TN -- Chattanooga Natl Military Park -- Cravens House:
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Copyrights: All pictures were taken by amateur photographer Bruce Guthrie (me!) who retains copyright on them. Free for non-commercial use with attribution. See the [Creative Commons] definition of what this means. "Photos (c) Bruce Guthrie" is fine for attribution. Feel free to use in publications and pages with attribution but you don't have permission to sell the photos themselves. A free copy of any printed publication using any photographs is requested. Descriptive text, if any, is from a mixture of sources, quite frequently from signs at the location or from official web sites; copyrights, if any, are retained by their original owners.
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Description of Subject Matter: Robert Cravens, an ironmaster, built the first house on this site in 1856. Seven years later, in the fall of 1863, Confederate troops occupied Lookout Mountain, and Cravens' house became the headquarters of Confederate Brig. Gen. Edward C. Walthall.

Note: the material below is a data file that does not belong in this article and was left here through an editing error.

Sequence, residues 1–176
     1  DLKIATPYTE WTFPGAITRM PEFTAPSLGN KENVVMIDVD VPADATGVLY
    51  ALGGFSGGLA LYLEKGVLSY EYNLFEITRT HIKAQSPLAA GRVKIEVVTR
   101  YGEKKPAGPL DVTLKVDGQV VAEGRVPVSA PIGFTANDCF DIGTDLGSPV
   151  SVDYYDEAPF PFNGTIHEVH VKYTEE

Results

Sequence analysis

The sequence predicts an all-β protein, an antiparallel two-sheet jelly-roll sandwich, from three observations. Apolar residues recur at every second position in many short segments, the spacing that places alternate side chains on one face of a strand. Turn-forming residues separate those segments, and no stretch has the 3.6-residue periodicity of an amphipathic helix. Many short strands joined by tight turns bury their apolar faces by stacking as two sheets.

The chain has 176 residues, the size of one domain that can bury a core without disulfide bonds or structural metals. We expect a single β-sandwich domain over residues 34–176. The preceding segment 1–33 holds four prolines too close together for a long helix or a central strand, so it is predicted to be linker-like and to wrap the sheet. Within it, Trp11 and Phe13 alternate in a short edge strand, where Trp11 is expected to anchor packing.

On November 24, 1863, the Union troops stormed the foggy slopes of Lookout Mountain in the famed "Battle Above the Clouds." Federal infantry pushed the out-numbered Confederates around the north end of the mountain, and across the Cravens Terrace. As the Confederates fell back, the Cravens house fell into Union hands.
The skirmishing ended near here about dusk, and at 2 a.m. the Confederates, short of men and ammunition, withdrew from the mountain. At dawn, Union soldiers climbed to Point Lookout just above here and planted the U.S. flag.
When Robert Cravens returned here after the battle, he found little of his home standing except the basement, the chimney, and the stone dairy. In addition to artillery damage, soldiers had stripped the house looking for souvenirs and firewood. The house you see today was rebuilt by Cravens on the same site.
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1997 photos: Image quality isn't going to be very good because these are scans of prints. In 1997 I was using a Pentax ME Super SLR camera. This was way before I went digital so the images you see on this site were manually scanned from the original prints, some 4x6 and some 5x7. Apparently I wasn't indicating dates that I took pictures this year so I only know the month in most cases -- normally the file name tells you the date-stamp of the picture in yymmdd form but not in 1997!